I’m also aware of another theory that holds that the Star of Bethlehem was a supernova that just happened to show up in the sky at Christ’s birth. Arthur C. Clarke used this to good effect in his short story “The Star.” T.S. Eliot used it earlier in “The Journey of the Magi.” In a much less distinguished manner, I’ve even used it myself in Sunday Meditation: The Star where I noted, in passing,

In time stronger sciences would rise upon the structures of the proto-sciences of astrology and alchemy. These sciences would push the first sciences into the realm of myth, speculation, and popular fantasy. The new sciences, you see, were much, much more about Reality. They would never be tossed aside in their time as so many playthings of mankind’s youth. The authority of astronomy, biology, physics, chemistry and others was certain. Unlike astrology and alchemy, they would never be questioned. We had the evidence. There was no doubt. They were as eternal and as fixed in the truth as… well, as astrology was in 5 B.C.

All of which gets us back to pretty much where we are today where Christ is revealed to have been, at the very least, pretty good at ice-skating. And, with a supernova at birth and a frozen lake near the end, you would have to say, even as a secular scientist, that Jesus had a great sense of timing as well as a way with words.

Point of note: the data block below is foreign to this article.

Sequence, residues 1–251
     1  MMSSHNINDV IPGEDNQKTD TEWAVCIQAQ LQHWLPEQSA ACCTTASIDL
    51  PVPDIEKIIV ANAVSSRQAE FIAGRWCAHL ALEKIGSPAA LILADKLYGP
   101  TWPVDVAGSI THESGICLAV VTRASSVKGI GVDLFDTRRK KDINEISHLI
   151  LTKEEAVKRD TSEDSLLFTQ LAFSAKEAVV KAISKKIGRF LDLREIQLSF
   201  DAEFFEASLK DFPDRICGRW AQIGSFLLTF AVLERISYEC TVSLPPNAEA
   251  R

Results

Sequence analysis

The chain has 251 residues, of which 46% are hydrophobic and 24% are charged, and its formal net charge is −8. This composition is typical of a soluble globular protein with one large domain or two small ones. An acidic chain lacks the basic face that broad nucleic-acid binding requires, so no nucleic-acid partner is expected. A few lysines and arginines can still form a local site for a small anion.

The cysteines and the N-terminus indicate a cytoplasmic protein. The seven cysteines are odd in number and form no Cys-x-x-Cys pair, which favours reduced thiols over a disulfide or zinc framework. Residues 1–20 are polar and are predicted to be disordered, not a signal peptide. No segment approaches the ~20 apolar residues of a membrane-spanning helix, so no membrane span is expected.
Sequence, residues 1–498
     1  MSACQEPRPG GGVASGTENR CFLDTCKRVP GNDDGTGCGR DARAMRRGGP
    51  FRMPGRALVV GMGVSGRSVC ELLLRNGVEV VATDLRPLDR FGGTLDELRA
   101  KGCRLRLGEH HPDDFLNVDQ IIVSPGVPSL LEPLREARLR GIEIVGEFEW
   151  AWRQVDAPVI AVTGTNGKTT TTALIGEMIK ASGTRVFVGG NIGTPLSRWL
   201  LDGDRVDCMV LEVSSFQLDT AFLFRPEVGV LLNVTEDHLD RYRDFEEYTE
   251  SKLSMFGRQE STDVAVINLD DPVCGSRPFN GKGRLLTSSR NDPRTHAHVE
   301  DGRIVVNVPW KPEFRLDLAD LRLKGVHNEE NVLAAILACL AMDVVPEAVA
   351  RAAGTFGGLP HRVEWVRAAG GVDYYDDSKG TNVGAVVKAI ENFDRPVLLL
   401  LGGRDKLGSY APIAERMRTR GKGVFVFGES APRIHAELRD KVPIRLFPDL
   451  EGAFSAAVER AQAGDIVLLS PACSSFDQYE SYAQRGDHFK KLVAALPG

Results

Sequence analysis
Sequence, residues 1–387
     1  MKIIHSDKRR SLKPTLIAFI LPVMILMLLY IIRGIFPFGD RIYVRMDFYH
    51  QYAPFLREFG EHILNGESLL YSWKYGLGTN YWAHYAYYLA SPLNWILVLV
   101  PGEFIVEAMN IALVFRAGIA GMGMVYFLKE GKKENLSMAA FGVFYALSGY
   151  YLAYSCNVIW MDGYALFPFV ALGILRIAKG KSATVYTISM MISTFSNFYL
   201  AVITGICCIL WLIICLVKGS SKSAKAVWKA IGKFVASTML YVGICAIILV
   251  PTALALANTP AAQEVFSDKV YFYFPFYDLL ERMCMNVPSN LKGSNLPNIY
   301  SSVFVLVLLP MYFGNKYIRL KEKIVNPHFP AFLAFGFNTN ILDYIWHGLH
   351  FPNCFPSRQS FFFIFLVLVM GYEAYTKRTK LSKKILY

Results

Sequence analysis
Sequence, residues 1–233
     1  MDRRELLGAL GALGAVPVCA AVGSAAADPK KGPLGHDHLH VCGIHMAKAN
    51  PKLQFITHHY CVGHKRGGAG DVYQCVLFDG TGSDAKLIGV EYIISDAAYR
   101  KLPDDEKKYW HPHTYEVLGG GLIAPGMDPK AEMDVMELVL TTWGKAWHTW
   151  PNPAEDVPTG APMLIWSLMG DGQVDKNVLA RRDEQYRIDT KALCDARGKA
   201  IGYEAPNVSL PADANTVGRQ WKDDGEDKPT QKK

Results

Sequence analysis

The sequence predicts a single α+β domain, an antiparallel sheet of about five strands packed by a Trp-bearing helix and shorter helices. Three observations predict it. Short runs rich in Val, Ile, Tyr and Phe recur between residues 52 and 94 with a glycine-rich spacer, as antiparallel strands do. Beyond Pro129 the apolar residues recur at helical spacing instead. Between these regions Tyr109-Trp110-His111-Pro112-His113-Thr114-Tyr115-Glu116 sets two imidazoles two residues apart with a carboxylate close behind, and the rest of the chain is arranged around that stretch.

Professor Nof seems to have a sense of timing and a way with words as well. I’m sure there are nods of approval and various other high fives constantly pinging into his email  from other true believers world-wide. After all, it seems that the only thing that makes a bigger splash in Science these days than a cure for cancer is some bit of “cutting-edge research” (almost always with the aid of computer modeling) that either warms the globe or disparages religion.

To the secular, nothing is sacred. Then again, why should it be? They’re “secular.”

 

Why? Because it is a central tenet of faith, of pure faith, in the Secular Religion, that traditional Christianity is the “Anti-Darwin” to that faith. Strange when you consider that, in terms of actual dogma and actual acts, Islam is far more hostile to all the core tenets of science, but — as I noted above — it really isn’t very safe to take too close a look at that collection of ergot-derived insights out of the desert. Those adherents are a bit more lethal when it comes to accepting slights on their religion. But then Christianity is the dominant religion of the First World and that’s what we’re discussing here — not which faith is right, but which faith is to be master. It seems that for Science to triumph as the new religion, Christ has to die again — and this time he’s got to stay dead.